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Kodak's Single Use Camera

The single use camera, first introduced in 1987, was an instant hit with customers providing the first 'disposable' camera that didn't matter if it got lost or was ruined.

Due to pressure from environmental groups, Kodak set about redesigning the camera to facilitate the recycling and reuse of its parts.  The camera is now designed to be collected and disassembled and the resulting parts and materials reused or recycled.
The Kodak process:

Kodak cameras are collected at photo development booths and returned to 1 of 3 collection facilities.

  • all packaging, front, back covers and any batteries are removed
  • plastic is passed through a metal detector to check for traces of metal, then shipped to be reground into flake and then reused in cameras or other products.
  • discarded packaging is sent to paper recycling centre.
  • batteries are removed and tested. If ok they are used:
    • internally for employees pagers
    • donated to organisations as 'gifts-in-kind'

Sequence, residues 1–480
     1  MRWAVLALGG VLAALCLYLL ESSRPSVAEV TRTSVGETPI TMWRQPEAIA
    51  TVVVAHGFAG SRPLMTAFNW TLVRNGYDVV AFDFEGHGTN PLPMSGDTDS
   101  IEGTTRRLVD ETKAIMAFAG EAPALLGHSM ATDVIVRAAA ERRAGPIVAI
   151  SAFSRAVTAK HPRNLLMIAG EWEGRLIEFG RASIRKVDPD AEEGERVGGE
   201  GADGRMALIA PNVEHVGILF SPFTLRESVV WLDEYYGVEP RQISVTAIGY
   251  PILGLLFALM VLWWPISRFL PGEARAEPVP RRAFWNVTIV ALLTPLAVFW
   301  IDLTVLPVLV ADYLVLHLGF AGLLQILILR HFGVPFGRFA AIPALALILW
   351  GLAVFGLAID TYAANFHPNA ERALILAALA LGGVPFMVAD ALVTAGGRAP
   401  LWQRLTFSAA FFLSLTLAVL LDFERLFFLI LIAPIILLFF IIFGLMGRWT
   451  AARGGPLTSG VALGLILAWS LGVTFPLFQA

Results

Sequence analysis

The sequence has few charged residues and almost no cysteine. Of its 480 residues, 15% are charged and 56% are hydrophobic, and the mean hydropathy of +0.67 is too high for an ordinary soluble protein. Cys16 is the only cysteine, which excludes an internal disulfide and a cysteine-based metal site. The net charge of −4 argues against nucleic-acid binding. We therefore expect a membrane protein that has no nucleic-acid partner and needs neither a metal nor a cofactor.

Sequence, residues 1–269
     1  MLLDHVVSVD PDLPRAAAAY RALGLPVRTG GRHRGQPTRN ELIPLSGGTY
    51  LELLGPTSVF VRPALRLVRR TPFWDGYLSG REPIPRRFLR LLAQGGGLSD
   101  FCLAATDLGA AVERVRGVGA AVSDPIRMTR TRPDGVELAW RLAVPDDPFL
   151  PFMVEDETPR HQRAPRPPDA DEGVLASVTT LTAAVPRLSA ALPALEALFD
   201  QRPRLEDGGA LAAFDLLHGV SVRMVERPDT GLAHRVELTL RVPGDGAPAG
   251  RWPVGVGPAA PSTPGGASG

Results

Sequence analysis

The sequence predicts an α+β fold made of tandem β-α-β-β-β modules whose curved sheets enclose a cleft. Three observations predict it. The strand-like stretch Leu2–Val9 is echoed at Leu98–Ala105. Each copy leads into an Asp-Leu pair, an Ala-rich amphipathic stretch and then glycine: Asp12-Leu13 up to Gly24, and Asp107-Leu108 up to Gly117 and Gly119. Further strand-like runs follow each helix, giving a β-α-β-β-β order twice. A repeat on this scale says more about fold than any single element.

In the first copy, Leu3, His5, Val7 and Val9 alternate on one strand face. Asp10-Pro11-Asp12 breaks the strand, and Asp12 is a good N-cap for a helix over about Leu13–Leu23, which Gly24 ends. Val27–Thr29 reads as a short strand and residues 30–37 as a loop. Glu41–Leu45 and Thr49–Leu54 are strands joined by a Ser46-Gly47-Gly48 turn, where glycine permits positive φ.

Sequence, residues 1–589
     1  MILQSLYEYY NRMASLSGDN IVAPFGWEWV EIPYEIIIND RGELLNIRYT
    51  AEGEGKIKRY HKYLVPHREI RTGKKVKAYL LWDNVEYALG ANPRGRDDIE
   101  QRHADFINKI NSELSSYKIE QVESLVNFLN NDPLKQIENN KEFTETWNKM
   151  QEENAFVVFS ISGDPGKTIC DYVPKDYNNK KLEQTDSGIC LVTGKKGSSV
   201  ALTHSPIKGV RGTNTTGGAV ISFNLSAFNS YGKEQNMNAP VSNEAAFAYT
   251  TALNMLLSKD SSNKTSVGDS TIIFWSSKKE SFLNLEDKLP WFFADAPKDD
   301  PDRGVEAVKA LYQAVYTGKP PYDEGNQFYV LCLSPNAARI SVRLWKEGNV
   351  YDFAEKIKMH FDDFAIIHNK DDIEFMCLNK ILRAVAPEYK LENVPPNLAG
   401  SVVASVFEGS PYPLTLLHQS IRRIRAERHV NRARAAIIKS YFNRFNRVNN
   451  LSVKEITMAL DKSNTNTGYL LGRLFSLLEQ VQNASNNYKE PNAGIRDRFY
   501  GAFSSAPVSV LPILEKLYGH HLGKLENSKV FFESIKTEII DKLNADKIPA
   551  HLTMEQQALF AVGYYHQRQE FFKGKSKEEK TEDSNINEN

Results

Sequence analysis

• sold as recycled batteries
  • camera frame, metering system and flash circuit board are re-used after rigorous testing
  • cameras are cleaned in an ionised-air vacuum system then visually inspected on a manual assembly line
  • old viewfinders and lenses are replaced with new ones – for quality purposes
  • many small parts are reused e.g. thumb wheels (for advancing film) and counter wheels (for counting exposures left)
  • subassemblies go to 1 of Kodak’s 3 single use manufacturing plants for assembly as a new product, where fresh film, new battery and outer packaging (35% recycled post-consumer waste), additional packaging are added.


Kodak (2001) A Tale of Environmental Stewardship: the Single-Use Camera,

Kodak Environmental Services (2002) Recycling One-Time-Use Cameras,

Lewis, H., et al.(2001) 'Design + environment, a global guide to designing greener goods', Greenleaf publishing.

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